Choosing the right evergreen for a container is a matter of personal taste and the plant’s requirements. The top evergreens for containers are yew, junipers, boxwood, arborvitae, dwarf Alberta spruce, camellia, hollies and cherry laurel. Don’t forget to consider the plant’s ultimate size and shape. For plants that will receive full sun, use a heavier soil mix for the container so it won’t dry out as quickly. Adding water-absorbing gels to potting soil can help retain moisture. Good drain-age is critical so make sure the container has adequate drainage holes. Elevate the pot with pot feet if the bottom is not concave enough to allow a space for the water to drain easily from under the pot. Don’t let your outdoor living areas and entranceways be plant naked this winter. Dress them up with evergreens in containers.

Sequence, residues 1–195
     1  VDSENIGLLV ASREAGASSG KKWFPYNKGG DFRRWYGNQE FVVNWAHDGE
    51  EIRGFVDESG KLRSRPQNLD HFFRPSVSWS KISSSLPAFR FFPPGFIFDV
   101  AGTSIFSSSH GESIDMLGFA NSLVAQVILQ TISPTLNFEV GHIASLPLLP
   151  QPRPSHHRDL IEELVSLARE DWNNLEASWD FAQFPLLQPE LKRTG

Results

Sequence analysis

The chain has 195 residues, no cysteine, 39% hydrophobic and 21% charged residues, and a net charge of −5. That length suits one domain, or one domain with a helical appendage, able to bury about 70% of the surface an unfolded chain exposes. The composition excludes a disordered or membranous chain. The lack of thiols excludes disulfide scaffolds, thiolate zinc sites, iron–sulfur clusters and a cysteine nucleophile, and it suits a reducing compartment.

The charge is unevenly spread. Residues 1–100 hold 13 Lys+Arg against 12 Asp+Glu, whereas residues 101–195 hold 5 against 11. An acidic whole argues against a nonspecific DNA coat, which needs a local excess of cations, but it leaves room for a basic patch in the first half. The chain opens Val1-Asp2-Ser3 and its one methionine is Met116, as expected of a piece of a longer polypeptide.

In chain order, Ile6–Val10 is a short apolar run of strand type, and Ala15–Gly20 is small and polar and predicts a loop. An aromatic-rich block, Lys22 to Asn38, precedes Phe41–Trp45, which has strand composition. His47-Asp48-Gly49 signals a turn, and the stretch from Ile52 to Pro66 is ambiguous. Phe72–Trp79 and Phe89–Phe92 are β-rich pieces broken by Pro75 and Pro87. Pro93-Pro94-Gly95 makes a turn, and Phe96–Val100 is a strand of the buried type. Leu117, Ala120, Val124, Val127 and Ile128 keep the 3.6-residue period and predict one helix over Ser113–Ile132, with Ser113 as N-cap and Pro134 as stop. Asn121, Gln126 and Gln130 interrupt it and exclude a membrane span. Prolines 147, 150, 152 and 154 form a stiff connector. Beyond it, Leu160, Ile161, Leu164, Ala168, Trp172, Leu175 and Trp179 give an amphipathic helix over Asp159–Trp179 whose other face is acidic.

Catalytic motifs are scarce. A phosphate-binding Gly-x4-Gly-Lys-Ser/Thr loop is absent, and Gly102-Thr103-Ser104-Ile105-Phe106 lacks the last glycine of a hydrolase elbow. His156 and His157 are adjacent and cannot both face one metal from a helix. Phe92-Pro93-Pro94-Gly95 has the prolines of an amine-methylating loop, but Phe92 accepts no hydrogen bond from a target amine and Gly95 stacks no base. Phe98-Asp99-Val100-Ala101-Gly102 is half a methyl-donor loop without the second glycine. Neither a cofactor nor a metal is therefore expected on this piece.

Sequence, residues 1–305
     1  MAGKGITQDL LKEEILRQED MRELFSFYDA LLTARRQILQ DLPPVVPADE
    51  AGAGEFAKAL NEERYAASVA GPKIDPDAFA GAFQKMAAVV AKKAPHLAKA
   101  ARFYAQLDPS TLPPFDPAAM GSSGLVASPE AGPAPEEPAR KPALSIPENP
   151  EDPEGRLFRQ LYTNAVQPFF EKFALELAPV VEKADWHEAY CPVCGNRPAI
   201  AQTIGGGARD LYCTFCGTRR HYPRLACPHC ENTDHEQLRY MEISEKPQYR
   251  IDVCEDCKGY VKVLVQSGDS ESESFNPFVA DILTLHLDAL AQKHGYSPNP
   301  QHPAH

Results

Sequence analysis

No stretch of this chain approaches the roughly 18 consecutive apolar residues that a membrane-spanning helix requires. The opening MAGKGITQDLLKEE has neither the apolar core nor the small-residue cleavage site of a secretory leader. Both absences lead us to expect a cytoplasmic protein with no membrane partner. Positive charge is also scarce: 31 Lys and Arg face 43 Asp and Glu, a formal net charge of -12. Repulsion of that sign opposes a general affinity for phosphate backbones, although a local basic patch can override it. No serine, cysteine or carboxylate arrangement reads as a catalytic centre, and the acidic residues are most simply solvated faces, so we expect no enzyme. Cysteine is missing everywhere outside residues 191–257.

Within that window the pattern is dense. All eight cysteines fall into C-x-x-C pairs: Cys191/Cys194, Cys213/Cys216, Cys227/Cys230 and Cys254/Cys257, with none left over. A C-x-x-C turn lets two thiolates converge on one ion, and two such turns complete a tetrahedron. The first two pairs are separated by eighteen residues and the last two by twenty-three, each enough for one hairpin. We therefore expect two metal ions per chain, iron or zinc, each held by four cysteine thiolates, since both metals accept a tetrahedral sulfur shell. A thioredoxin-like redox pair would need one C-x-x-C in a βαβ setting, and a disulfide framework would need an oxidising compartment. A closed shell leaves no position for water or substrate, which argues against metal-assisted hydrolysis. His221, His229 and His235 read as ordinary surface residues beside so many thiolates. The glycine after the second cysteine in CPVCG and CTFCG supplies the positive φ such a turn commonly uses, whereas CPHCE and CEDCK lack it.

Fruit bearing trees, vines, shrubs and brambles can be planted now. Balled and burlapped, bare-root and container-grown fruit trees to plant would include peaches, apples, cherries, pears, plums and nectarines. Grapes, muscadines, raspberries, blackberries, and blueberries can also be planted during November and December. Be sure to plant two or more cultivars of blueberries for cross-pollination and fruit set. Check with your nurserymen if you are purchasing one muscadine plant to make sure it is a variety that will set fruit. Some muscadine varieties have only female flowers and would require another variety as a pollinator for fruit set. These muscadine varieties require a pollinator: Scuppernong, Summit, Fry and Jumbo. These muscadine varieties are self-pollinating and will pollinate the varieties listed above: Carlos, Magnolia, Roanoke, Doreen and Regale.